Litter Kills has been launched as part of our groundbreaking ‘Now or Never’ campaign which has just kicked off in Leamington Spa.
We’ve partnered with the Local Government Association (LGA) to table a cross party motion in Parliament, along with a petition asking government to hold gum producers accountable for the huge costs of cleaning chewing gum off streets across our country.
Our local councils currently stump up a total of £60 million a year removing an estimated two million pieces of gum from pavements – money which is desperately needed elsewhere. We’d much rather see it spent on pressing issues such as social care and housing, homelessness and other vital, underfunded community services.
Chewing Gum never biodegrades. It’s hard to find out exactly what’s in most gum bases as the recipes tend to be closely guarded secrets, though most sources mention polymers, the same type of material used to make plastics and rubbers. This goes some way to explaining why this grim, sticky source of pollution needs specialist equipment, and costs a fortune, to remove.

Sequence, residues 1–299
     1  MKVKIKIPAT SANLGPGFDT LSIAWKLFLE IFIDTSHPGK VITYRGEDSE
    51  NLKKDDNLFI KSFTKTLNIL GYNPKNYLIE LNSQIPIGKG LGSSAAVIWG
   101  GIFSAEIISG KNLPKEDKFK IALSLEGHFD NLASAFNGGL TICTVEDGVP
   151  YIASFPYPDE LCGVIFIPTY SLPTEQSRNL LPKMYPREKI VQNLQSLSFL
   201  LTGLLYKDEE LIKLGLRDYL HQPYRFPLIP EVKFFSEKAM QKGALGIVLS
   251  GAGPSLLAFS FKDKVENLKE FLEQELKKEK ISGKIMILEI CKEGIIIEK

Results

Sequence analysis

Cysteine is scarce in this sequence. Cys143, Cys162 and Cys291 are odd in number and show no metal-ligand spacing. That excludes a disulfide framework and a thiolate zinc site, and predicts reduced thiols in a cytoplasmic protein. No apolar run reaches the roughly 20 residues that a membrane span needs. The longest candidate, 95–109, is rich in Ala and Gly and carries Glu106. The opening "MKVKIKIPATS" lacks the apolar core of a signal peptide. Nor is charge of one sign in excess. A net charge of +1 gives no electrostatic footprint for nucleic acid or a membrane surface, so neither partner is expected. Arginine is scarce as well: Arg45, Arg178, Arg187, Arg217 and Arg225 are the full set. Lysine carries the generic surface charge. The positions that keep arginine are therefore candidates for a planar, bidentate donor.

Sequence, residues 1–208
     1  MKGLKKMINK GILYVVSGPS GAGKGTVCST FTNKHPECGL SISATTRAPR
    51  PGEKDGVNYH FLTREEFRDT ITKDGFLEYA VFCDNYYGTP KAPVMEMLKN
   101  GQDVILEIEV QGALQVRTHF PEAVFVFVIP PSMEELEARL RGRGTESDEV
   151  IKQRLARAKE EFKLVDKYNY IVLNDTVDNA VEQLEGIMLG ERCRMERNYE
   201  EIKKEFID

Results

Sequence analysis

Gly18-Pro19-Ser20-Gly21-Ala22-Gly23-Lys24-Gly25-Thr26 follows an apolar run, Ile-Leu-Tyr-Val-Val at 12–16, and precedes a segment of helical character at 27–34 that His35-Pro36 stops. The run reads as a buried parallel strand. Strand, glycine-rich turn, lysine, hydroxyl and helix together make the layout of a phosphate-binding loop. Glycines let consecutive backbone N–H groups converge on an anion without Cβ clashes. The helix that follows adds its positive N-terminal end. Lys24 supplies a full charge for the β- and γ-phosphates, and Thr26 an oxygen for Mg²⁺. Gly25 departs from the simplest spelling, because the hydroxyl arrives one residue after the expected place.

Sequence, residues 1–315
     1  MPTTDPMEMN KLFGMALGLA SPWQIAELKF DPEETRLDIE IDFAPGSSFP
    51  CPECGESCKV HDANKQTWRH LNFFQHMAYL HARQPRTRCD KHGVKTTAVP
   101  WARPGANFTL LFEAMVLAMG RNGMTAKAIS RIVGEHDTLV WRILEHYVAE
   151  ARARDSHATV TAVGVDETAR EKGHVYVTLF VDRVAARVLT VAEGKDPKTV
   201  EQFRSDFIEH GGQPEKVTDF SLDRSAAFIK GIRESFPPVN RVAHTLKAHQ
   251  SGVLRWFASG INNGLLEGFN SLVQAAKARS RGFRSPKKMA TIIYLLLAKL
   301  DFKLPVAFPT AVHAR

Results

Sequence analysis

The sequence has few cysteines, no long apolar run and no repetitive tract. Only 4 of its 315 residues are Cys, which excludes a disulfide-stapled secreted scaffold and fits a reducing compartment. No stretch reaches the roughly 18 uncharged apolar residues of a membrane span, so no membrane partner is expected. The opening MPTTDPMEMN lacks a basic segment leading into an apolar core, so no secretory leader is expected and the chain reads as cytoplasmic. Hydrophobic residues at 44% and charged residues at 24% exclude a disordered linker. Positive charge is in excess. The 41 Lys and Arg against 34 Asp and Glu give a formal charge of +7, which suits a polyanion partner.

Read the full Daily Telegraph article here.
To sign the petition click here.
*We’re interested to learn more about how synthetic gum bases are made – could they be classed as a single-use plastic? If you can help us understand more please get in touch via the Contact Us form. Thank you!
We’ve been doing lots of thinking about single-use plastic lately. It’s always been a big part of the litter problem – in fact, the UK’s most littered item – cigarette butts – contain thousands of little particles of plastic.
There are more worrying facts out there, many of which you might have read. Here’s a few of the most attention-grabbing:
So the team at Clean Up Britain have been looking at simple ways we can all get started on reducing single-use plastic in our day-to-day lives. Here are the things we’re doing so far: